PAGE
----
The demand, as well as the cost, for carbon credits in this level of projects have risen quite dramatically in the last 12 months, the prices have rocketed and doubled several times over. This is actually brilliant news for the climate, since it means climate projects can get more money for doing climate impact, which in turn will lead to more climate projects being built to create even more climate impact. 

It also means that it gets more expensive to not lower emissions, which encourages everyone to lower their emissions even faster. In a way, we are now starting to achieve what we have worked so hard for since the start of GoClimate. Thank you so much everyone!

But, this also forced us to increase our prices last year, and with recent developments we are now faced with another price increase.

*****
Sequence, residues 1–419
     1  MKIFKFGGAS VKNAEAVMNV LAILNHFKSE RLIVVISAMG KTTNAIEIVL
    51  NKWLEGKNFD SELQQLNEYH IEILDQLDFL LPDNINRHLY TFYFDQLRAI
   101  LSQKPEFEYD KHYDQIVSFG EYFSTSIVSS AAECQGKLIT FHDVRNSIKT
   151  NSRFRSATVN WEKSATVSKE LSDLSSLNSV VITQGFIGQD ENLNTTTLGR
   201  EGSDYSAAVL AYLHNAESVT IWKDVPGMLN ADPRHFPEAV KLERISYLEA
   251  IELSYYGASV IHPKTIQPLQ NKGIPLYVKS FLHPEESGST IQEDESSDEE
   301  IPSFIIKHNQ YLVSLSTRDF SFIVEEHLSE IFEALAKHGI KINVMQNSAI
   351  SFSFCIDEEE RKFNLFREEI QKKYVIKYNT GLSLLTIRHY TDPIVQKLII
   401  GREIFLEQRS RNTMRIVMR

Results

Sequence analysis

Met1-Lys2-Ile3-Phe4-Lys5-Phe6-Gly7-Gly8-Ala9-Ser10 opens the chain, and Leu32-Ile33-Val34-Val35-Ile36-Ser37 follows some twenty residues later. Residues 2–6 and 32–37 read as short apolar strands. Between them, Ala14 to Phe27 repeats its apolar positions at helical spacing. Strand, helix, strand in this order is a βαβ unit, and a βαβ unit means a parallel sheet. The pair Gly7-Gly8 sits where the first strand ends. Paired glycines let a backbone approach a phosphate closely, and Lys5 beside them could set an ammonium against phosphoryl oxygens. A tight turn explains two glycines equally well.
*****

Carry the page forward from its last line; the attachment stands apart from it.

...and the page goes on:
To be able to keep supporting high quality Gold Standard-certified projects, we will be implementing a price increase bringing the total cost per tonne to 17 USD (15 euro or 150 SEK) from February 1st 2022, and removing the 2x factor buffer used in our old calculator. 

The change in price is a consequence of increased prices of climate credits, and not linked to any other expenses. You can always find out more about purchasing costs and revenue on our page 100% transparency, if you’re up for diving a bit deeper into this topic.

You do of course have the option of keeping your subscription fee exactly as it currently is, in which case it will still make a great difference in supporting the transition to a fossil free society. However, please note that this will mean that fewer tonnes are stopped from being released into the atmosphere elsewhere, and the monthly cost will no longer represent your full carbon footprint.

To opt out of the increase, please click here. Your monthly subscription will then remain the same amount until you’re ready to upgrade manually.